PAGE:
Web-scale discovery services (WSDS) VS PAC (Online Public Access Catalog)
Libraries have always been an integral part of the information ecosystem, providing users access to a wide range of resources while upholding the core values of the entry. And as digital resources and search engines have become more prevalent, libraries have continued to adapt and evolve to meet the changing needs of their users.
Two essential tools used in libraries today are Web-Scale Discovery Services (WSDS) and Online Public Access Catalogs (OPACs).
While WSDS provides a single interface for searching through multiple databases, it can only partially replace the richness of specialized bibliographic systems that libraries have built up over time.
On the other hand, OPACs list the library's holdings and help users find specific resources within the library's collection.
Some differences between WSDS and OPAC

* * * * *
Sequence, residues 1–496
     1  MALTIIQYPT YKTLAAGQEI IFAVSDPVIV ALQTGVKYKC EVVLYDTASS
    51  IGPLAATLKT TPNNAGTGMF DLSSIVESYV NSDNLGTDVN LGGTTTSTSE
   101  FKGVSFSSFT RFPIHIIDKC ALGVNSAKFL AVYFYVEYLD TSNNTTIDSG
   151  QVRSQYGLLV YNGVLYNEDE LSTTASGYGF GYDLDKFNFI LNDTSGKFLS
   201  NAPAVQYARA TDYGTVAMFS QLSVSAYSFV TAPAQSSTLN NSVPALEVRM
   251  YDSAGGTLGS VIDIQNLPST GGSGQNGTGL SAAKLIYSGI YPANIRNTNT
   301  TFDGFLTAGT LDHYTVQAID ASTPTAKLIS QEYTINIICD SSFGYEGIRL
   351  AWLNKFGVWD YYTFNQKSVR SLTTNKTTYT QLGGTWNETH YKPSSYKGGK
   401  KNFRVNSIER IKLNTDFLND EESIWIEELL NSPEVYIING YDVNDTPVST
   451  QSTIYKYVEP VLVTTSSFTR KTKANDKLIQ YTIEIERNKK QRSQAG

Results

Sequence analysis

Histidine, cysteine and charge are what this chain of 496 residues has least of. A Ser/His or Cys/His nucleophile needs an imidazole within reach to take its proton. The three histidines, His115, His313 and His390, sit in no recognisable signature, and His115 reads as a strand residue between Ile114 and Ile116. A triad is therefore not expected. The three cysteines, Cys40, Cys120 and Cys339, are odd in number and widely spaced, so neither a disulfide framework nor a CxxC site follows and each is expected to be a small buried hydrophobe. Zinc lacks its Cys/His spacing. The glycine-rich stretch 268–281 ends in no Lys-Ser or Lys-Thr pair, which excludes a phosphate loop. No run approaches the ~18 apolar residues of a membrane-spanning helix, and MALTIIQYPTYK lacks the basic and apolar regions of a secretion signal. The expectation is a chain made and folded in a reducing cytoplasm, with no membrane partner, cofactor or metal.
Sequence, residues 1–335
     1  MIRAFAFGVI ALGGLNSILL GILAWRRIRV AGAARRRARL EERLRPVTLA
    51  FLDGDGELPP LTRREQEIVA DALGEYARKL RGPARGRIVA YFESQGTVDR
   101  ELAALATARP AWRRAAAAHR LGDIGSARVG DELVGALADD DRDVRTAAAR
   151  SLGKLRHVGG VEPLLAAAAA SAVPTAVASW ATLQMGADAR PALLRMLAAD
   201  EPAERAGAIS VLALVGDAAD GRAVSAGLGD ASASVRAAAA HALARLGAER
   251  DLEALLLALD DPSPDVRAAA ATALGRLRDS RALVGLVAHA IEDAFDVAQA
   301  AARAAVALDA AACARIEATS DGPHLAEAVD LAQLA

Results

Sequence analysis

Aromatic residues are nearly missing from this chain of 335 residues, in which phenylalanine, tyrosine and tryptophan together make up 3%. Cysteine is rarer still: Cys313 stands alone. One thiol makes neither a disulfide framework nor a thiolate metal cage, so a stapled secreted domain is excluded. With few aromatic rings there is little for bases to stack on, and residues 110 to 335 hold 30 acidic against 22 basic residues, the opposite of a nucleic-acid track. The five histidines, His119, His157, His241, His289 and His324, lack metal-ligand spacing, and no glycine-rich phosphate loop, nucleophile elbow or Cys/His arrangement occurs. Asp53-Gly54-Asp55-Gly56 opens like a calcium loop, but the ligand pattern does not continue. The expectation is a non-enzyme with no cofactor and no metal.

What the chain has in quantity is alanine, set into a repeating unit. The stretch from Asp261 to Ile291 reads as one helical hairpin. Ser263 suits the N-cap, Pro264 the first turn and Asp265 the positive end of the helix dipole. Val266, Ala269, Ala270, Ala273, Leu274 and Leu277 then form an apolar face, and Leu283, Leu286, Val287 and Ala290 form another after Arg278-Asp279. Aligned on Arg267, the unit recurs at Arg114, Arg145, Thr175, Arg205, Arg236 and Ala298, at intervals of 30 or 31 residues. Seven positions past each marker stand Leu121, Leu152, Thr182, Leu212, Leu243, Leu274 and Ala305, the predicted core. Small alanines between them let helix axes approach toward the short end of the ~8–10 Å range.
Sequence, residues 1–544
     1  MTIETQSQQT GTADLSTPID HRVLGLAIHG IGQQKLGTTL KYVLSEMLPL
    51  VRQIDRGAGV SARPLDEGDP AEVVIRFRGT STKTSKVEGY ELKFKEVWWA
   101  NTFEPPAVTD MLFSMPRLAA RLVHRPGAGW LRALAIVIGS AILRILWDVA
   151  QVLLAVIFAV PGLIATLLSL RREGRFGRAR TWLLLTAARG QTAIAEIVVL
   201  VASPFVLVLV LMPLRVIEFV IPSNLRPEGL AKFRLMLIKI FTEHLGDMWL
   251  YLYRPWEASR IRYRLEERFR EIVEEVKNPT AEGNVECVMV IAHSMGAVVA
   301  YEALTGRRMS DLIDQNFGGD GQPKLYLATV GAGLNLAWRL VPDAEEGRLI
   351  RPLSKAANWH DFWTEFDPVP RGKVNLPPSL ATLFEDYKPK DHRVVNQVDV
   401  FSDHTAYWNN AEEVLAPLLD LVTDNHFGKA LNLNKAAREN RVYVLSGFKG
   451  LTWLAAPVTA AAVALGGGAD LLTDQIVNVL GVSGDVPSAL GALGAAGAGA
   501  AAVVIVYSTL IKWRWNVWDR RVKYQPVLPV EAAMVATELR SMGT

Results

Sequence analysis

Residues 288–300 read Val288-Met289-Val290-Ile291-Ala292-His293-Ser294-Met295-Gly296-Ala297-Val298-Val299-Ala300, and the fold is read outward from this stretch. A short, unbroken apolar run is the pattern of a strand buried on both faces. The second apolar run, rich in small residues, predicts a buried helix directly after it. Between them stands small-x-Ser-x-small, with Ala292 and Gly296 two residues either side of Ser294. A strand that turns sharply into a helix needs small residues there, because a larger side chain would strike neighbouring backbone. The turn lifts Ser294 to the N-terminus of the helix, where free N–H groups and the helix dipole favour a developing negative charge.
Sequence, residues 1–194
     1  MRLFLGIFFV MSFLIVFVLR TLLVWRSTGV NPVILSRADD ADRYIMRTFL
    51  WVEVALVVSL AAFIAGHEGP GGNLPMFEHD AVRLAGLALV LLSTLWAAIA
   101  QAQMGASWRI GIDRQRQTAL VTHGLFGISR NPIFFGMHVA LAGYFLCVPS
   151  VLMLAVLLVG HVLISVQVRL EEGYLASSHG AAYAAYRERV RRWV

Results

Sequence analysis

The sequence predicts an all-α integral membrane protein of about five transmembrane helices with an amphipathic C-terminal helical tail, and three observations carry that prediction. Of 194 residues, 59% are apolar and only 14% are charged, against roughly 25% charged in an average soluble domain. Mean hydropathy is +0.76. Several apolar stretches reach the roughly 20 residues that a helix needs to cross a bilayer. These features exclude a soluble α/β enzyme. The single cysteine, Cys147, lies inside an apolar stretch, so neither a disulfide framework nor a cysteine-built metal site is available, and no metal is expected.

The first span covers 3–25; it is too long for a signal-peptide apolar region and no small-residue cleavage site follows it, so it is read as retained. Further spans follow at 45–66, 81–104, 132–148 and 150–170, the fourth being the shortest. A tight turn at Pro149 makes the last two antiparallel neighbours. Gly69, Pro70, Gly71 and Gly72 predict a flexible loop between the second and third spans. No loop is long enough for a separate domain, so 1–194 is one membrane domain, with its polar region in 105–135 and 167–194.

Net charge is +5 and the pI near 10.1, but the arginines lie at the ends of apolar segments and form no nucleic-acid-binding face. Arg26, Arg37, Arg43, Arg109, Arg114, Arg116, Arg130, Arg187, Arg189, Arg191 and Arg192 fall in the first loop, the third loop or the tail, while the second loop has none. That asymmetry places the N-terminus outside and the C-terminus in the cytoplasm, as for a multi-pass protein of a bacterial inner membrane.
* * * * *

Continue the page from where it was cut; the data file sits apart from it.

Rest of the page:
Few major vendors offer WSDSs and OPACs
While WSDS provides a single interface for searching through multiple databases, it can only partially replace the richness of specialized bibliographic systems that libraries have built up over time because specialized bibliographic systems, such as Online Public Access Catalogs (OPACs), provide highly detailed and curated metadata specific to the library's holdings.
It must be stressed that OPAC metadata is produced by expert catalogers who have a deep understanding of the resources in the library's collections and the needs of their patrons.
Since library-specific tailor-made metadata is only sometimes available in WSDS, essential collection items such as archival materials, rare books, and special collections may be missing in WSDS. Meaning it is not possible to provide the same level of precision and relevance in search results as in specialized bibliographic systems
Therefore, libraries must continue improving their metadata production, ensuring it is high quality and standardized to enable effective discovery and retrieval of resources.